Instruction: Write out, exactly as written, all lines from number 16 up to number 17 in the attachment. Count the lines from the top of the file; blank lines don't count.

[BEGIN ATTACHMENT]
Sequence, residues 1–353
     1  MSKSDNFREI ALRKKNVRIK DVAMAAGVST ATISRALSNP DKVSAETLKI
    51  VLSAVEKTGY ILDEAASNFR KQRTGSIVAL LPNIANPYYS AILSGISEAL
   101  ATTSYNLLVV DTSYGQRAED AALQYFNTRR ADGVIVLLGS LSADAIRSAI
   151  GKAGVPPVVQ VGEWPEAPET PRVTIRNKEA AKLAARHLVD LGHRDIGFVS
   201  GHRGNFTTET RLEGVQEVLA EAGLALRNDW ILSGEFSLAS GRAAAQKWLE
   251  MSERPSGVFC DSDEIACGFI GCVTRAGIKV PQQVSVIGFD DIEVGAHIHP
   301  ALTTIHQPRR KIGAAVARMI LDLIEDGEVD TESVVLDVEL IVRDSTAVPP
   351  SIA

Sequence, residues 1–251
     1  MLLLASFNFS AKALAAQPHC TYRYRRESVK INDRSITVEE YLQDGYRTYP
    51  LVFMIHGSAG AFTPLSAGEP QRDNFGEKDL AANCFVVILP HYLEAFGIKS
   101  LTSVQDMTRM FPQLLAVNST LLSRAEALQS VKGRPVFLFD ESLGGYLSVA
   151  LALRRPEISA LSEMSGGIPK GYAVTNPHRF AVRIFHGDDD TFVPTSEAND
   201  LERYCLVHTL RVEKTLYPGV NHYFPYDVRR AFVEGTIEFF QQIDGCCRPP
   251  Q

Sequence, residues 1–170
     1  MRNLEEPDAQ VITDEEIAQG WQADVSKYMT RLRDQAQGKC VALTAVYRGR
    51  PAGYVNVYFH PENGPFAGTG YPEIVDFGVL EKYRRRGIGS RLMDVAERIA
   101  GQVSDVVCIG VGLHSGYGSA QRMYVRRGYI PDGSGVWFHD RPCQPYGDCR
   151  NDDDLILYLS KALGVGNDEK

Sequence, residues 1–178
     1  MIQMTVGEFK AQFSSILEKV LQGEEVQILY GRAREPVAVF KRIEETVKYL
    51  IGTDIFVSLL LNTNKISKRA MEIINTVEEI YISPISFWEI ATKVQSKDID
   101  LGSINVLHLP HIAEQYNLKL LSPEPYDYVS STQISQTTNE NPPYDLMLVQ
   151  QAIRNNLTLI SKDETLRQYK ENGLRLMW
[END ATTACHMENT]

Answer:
   251  Q

Sequence, residues 1–170